To date, no treatment has been demonstrated to slow symptom progression or neurodegeneration in FXTAS. In the present study, only patient 5, the least affected patient in our cohort, experienced subjective improvement. Following the allopregnanolone treatment, he reported improved balance and restored ability to walk down stairs. He also experienced a resolution of symptoms of peripheral neuropathy, including numbness and pain. Interestingly, studies in animal neuropathic pain models have demonstrated that allopregnanolone can exert a reparative effect [48, 49]. In addition, in human studies, oral administration of synthetic allopregnanolone-like compounds exhibited antinociceptive properties. The other 5 patients did not experience improvement in their ataxia or balance symptoms, and none of the patients experienced improvement in their tremor. These subjective experiences are validated by the lack of significant improvement in the CATSYS measures of tremor or balance.

Cognitively, the patients demonstrated significant improvement in executive function and episodic memory and learning, the most affected domains in the 6 patients at baseline and in prior studies of patients with FXTAS [50]. The results support anecdotal reports from the patients and their families that cognitive processing and conversational abilities were improved following the allopregnanolone treatment. Since this was not a randomized controlled study, we cannot rule out the possibility that these improvements were due to a placebo effect, although the improvements seen in ERP results, neuropsychological testing, and MRI findings suggest that allopregnanolone could have had a disease-modifying effect.

We evaluated brain structures that are affected in FXTAS and could potentially have shown effects of allopregnanolone, including the hippocampus, the site of adult neurogenesis [51]; the amygdala, where neurosteroid exerts anxiolytic effect [52, 53]; and the corpus callosum, where the white matter structure is severely damaged in FXTAS [54, 55, 56, 57, 58, 59]. Examination of serial MRI scans acquired before the treatment confirmed progressive atrophy in all 3 structures, structural deterioration in the corpus callosum, and expansion of subcortical FLAIR hyperintensities. Importantly, the directions of the pretreatment changes generally displayed consistency across the data points. Compared with the controls, the patients exhibited acceleration of hippocampal atrophy, subcortical hyperintensity expansion, and structural deterioration in the corpus callosum before the treatment. After the treatment, individual patients showed improvement in some of the MRI measurements, while showing no change or worsening in others. None of the changes in MRI measurements reached statistical significance at the 0.05 level, most likely because of significant interpatient variability. In light of variabilities in patients’ baseline conditions, as well as in changes after the treatment, we performed correlational analyses to identify baseline MRI measurements that could predict functional changes. The significant correlations between baseline MRI measurements and functional improvements indicate that allopregnanolone may show effects in improving executive function in patients with relatively healthy hippocampus and corpus callosum and in alleviating psychological symptoms in patients with small hippocampus and amygdala.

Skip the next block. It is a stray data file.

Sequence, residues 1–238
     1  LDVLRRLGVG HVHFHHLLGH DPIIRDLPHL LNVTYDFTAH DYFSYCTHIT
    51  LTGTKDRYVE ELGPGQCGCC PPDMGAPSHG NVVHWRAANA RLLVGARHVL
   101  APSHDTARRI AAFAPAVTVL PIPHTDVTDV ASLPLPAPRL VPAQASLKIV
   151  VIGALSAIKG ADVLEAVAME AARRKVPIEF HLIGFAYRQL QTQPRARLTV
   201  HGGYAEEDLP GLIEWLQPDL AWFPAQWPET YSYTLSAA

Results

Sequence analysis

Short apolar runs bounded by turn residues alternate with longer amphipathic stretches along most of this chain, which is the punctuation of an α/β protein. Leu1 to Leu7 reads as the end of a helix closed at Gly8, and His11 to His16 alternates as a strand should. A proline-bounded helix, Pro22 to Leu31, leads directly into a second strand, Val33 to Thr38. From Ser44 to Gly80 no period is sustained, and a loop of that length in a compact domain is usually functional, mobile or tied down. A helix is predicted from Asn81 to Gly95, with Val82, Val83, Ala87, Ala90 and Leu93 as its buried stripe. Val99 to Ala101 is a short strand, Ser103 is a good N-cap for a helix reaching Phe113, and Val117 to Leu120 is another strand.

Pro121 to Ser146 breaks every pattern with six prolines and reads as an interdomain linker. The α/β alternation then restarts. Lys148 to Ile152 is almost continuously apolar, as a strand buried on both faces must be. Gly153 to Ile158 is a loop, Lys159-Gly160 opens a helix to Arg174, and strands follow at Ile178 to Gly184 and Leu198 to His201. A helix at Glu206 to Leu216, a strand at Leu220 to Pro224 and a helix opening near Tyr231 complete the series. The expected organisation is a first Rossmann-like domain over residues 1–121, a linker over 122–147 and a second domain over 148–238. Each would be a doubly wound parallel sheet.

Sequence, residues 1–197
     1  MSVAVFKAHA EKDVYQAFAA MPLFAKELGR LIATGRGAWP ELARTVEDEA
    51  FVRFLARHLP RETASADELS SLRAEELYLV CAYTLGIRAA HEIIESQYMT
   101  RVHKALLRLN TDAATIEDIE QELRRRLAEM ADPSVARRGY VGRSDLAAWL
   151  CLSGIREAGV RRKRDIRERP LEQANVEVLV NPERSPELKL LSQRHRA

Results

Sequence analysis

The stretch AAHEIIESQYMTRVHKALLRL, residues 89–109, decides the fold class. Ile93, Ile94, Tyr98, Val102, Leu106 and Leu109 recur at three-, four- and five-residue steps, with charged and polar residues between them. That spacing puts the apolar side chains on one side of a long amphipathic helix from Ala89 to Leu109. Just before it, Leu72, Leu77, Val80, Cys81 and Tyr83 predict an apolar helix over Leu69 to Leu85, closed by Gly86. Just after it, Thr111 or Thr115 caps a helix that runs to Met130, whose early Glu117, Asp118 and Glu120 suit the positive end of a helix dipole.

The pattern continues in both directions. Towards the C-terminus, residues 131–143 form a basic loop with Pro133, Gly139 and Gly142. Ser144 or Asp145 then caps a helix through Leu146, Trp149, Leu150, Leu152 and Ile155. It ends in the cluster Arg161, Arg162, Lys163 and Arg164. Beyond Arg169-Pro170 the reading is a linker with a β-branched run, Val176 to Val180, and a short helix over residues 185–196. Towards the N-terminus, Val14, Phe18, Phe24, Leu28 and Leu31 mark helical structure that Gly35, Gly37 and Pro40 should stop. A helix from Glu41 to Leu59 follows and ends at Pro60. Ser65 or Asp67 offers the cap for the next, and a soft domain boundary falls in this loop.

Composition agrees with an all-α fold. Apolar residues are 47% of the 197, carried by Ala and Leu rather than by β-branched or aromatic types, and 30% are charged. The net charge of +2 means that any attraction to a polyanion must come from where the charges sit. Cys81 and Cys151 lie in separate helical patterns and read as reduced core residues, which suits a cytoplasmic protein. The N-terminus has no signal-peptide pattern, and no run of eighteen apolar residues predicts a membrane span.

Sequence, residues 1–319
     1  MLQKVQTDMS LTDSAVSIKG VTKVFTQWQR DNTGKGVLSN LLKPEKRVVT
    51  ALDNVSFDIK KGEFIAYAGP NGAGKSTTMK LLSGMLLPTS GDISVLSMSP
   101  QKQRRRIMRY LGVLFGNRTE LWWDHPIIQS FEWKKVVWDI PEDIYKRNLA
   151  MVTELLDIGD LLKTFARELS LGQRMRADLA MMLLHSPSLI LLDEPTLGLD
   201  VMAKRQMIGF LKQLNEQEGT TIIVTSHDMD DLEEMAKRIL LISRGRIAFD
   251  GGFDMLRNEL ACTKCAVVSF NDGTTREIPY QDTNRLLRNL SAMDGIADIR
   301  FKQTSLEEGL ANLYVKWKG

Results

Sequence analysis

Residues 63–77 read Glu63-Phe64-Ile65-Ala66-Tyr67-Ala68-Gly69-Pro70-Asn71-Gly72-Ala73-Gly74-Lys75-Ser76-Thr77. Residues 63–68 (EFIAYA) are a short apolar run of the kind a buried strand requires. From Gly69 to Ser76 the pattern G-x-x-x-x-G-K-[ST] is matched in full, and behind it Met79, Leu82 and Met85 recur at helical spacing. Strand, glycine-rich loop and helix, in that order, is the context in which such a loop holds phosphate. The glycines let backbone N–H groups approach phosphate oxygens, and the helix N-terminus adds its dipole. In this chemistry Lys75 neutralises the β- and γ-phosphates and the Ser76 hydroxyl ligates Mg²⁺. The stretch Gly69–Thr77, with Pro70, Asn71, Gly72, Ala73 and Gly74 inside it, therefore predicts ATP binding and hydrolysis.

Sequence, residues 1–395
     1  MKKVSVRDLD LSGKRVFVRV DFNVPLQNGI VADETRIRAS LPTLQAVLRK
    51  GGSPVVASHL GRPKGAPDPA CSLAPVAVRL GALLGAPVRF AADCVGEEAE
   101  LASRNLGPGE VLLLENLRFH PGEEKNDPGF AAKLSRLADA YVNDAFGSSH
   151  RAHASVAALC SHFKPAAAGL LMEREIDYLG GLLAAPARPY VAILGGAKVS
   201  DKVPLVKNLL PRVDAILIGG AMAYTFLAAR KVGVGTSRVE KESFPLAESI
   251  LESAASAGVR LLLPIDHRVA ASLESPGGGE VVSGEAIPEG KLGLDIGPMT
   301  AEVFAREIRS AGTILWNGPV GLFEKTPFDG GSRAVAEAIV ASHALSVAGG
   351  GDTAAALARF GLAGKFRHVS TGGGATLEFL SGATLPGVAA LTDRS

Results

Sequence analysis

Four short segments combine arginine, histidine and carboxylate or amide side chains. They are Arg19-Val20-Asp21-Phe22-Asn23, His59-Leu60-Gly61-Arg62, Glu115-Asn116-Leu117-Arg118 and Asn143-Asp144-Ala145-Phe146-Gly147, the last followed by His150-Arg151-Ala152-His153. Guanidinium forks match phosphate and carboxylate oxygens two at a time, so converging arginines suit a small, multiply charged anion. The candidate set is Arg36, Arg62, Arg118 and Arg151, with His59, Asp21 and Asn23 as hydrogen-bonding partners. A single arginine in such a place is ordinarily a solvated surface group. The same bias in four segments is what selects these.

Only one previous controlled trial has been performed in individuals with FXTAS, a memantine trial lasting 1 year, but this treatment did not improve tremor, ataxia, or executive function [22]. However, we found that the N400 repetition effect amplitude, thought to index semantic processing and verbal learning/memory, displayed improvements after the memantine treatment compared with placebo, and predicted verbal learning and memory performance in the FXTAS group (but not in a group with prodromal/early Alzheimer disease) [60, 61]. The results suggest that the N400 repetition effect, primarily originating from the temporal neocortex [62, 63], is sensitive to memory changes in FXTAS. In the current open-label study, ERP assessments were conducted in 4 patients, all of whom demonstrated improvements in the N400 repetition effect.